HRB invests €1.9 million to fund ten projects in its Applied Partnership Awards scheme
This funding will support projects addressing national priorities ranging from health promotion and disease prevention strategies to improving the delivery of health services for those who need them. The co-funding partners will invest a further €400,000 towards the projects.
Older people, people with intellectual disabilities, and marginalised communities are among the groups who will benefit from this cycle of awards. A full list of the 10 successful Applied Partnership Awards (APAs), with information on the lead applicants and project summaries is available.
According to Dr Mairead O’Driscoll
“The APAs are designed to bring knowledge users and researchers together to develop research projects that address a specific need within the Irish health or social care system. They are a cornerstone in the HRB strategy to invest in research that delivers value for the health system, society, and the economy.
“These latest ten awards bring to 42 the total number of awards made under this scheme since it began in 2016.”
The partner / knowledge user organisations in this round of funding include:
- Department of Health
- National Care Experience Programme (NCEP)
- HSE Tobacco Free Ireland Programme
- National Federation of Voluntary Service Providers Supporting People with Intellectual Disability
- HSE Services for Older People, Change and Innovation
- HSE National Clinical Programme for Obesity and Association for the Study of Obesity Ireland (ASOI)
- Galway University Hospital
- HSE Office of the Chief Clinical Officer
- HSE National Dementia Office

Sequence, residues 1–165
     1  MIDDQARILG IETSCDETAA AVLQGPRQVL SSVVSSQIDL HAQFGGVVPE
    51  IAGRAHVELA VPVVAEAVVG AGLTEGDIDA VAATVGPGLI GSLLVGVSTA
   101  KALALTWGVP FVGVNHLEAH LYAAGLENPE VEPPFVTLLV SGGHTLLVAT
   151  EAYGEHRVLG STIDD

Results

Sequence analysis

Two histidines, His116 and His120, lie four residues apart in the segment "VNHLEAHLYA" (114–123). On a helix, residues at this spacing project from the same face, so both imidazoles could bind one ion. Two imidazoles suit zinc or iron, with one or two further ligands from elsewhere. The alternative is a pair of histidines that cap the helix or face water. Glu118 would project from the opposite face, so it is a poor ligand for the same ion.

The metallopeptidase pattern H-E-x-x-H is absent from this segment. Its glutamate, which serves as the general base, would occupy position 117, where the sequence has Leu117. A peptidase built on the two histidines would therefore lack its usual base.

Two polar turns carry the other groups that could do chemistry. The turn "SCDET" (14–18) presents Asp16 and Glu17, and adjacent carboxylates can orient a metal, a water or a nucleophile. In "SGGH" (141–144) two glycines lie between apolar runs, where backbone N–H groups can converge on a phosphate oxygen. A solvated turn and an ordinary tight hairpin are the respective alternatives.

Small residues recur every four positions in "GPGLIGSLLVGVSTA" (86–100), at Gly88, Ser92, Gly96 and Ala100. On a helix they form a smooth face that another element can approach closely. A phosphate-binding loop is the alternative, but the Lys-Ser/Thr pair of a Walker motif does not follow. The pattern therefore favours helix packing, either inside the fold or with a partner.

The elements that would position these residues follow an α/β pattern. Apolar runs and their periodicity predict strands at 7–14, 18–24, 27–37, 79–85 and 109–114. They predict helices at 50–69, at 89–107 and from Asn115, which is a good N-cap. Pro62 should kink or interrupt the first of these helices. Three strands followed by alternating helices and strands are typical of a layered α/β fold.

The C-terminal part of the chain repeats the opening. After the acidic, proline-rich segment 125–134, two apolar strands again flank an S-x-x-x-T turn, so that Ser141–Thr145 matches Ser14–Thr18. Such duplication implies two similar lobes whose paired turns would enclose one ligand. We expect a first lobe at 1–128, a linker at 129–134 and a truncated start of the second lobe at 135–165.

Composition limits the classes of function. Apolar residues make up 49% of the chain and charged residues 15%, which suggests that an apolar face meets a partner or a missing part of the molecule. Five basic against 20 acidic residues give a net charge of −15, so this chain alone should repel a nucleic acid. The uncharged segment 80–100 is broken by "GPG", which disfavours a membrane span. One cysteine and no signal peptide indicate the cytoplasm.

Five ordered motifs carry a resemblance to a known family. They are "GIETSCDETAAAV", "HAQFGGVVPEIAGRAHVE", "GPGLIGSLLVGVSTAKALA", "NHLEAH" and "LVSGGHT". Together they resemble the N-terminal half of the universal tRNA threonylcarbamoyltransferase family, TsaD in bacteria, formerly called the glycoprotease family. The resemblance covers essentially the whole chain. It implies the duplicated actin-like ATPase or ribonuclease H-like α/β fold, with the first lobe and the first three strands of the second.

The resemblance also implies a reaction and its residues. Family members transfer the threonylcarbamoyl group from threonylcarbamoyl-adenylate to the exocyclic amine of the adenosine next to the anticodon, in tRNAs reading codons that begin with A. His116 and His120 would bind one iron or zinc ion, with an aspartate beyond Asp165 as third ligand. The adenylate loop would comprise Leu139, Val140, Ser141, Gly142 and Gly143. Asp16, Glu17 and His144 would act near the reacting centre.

- Health Information and Quality Authority (HIQA)
Dr Catherine Gill, Programme Manager for Targeted Programmes said:
“This scheme is unique in Ireland and was considered by the independent review Panel to be genuinely innovative. The panel noted that the successful applications were well grounded in theory and evidence and all had well thought out integrated knowledge translation (iKT) strategies.”
“In the HRB we recognise that by involving knowledge users at all stages from research design, through conduct of the research, dissemination, implementation, there is much greater chance that the projects will produce relevant findings and be rapidly implemented into policy and practice.”
An international panel of experts selected the ten awards based on assessment criteria that included the scientific quality of the research proposal as well as the potential to translate and or implement findings into policy or practice. Key considerations included the design and methodology, strength of the researcher/knowledge user partnership, feasibility of the study, public and patient involvement and pathways to impact.
Dr Gill adds:
“A new round of the Applied Partnership Awards scheme is due to open for applications early in 2024, and the HRB are encouraging researchers and knowledge users to consider this opportunity to apply for funding to answer important research questions for health and social care in Ireland.”
A full list of the awards including lay summaries is attached at the end of release.
For more information on individual awards and / or to speak to the lead applicants, please contact the press offices at their respective host institutions.